The nature tips you’ll want to know to end this summer right!
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Planning for Next Season – Spring Bulbs

As we enter the fall season, now is the time to begin designing and installing your bulb garden to enjoy a beautiful display in the spring. Spring offers the hope of sunshine, warmer days, and flowers in the garden. Bulbs are often the first flowers of spring. The pastel petals of crocus peeking through a spring snowfall reminds us that it won’t be long. The bright, sunshine yellow daffodils nodding in a spring breeze makes us smile. Let us not forget the tulips, many of which are magnets for the bees.

The same way in which a perennial garden is designed with a range of blooming times from spring through fall, the same is true for a bulb garden. Although the bloom time is not as lengthy, the display of spring bulbs can be designed in a way that creates continuous bloom and color in the garden throughout the spring. 

Feeding the bees early in the spring helps with their overall survival. They have made it through a long, cold winter and are now foraging for food. Plant varieties of Allium, Crocus, and Tulips to give the bees a great start.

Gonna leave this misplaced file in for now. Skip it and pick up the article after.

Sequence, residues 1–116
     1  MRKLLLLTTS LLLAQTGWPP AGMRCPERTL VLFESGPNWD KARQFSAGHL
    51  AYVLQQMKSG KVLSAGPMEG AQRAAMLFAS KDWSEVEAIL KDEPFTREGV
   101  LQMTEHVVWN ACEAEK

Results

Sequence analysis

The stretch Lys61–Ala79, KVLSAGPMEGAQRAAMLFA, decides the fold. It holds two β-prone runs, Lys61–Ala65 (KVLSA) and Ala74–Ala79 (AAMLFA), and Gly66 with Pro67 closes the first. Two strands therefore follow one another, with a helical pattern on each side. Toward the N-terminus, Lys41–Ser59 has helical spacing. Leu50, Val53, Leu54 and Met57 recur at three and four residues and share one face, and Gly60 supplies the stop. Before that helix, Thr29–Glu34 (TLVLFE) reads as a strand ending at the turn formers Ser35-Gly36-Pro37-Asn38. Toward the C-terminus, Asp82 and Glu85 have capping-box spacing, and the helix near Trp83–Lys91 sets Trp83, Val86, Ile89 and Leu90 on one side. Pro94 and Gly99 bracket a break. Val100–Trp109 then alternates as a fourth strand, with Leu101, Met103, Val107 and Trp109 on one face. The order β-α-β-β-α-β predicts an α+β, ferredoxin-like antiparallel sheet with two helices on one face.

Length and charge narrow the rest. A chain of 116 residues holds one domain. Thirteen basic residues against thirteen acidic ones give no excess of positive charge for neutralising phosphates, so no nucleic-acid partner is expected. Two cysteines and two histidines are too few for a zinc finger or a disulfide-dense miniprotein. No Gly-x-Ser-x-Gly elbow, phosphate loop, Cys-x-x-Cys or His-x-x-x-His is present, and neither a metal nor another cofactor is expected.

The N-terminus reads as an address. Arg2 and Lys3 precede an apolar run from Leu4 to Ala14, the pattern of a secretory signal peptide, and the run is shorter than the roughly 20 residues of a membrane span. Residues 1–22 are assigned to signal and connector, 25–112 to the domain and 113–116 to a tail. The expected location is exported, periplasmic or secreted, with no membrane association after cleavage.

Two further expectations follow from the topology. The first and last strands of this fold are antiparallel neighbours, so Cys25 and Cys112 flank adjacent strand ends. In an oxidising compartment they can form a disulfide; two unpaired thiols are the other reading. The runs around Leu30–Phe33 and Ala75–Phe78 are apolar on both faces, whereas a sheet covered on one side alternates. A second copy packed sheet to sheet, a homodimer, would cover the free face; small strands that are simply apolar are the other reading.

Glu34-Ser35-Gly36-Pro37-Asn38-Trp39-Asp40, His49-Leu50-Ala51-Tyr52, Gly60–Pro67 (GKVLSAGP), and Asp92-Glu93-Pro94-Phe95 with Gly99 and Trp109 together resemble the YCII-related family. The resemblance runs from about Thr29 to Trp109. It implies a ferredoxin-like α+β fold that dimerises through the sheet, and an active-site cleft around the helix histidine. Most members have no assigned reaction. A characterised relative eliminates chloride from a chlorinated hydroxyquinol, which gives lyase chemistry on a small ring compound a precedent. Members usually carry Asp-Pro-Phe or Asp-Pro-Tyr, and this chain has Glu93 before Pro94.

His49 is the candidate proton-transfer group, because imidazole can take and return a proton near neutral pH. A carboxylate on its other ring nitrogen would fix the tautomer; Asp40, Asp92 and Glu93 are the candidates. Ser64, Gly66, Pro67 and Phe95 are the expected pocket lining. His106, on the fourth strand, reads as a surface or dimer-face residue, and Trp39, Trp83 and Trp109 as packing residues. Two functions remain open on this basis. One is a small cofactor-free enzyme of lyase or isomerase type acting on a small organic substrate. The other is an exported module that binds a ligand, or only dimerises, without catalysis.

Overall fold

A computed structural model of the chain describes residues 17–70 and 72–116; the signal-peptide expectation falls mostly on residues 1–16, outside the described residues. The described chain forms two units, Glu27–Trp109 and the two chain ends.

Snowdrops are deer-proof, bee-loved, milky-white naturalizers with dainty pendant-like flowers and emerald green markings. Popping their heads up early in the spring, March, and April, they are symbols of purity and hope and are best grown in partial sunlight.

Let’s not forget hyacinths or blue-grape hyacinths for their form and sweet, grapey fragrance. The latter is small; however, the impact is significant!

How many to plant? Great question! For 50 square feet, plant 450 small bulbs 4” apart or 200 large bulbs 6” apart for a beautiful display.

Gardening Chores to Keep Everything Beautiful & Healthy
  • Watering is essential: Because we are experiencing mild drought conditions here in New England, water early in the day if possible, or use a soaker hose. Both techniques help avoid fungal plant diseases.
  • Don’t forget about the lawn! A deep irrigation at this time of year will help give your grass a good start going into the fall season.
  • Good bugs: Avoid using pest lures that attract everyone else’s pests to your landscape. The “bug zappers” that use light to attract flying insects and trap them often catch the “good” bugs that are beneficial to the garden.

Check out these two short videos of our favorite pollinators: Bees & Butterflies!

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Please keep us in mind for your next project. Visit our website at, email us at, and give us a call at (413) 448-2215.

We hope to hear from you!
Geri Jones, Owner

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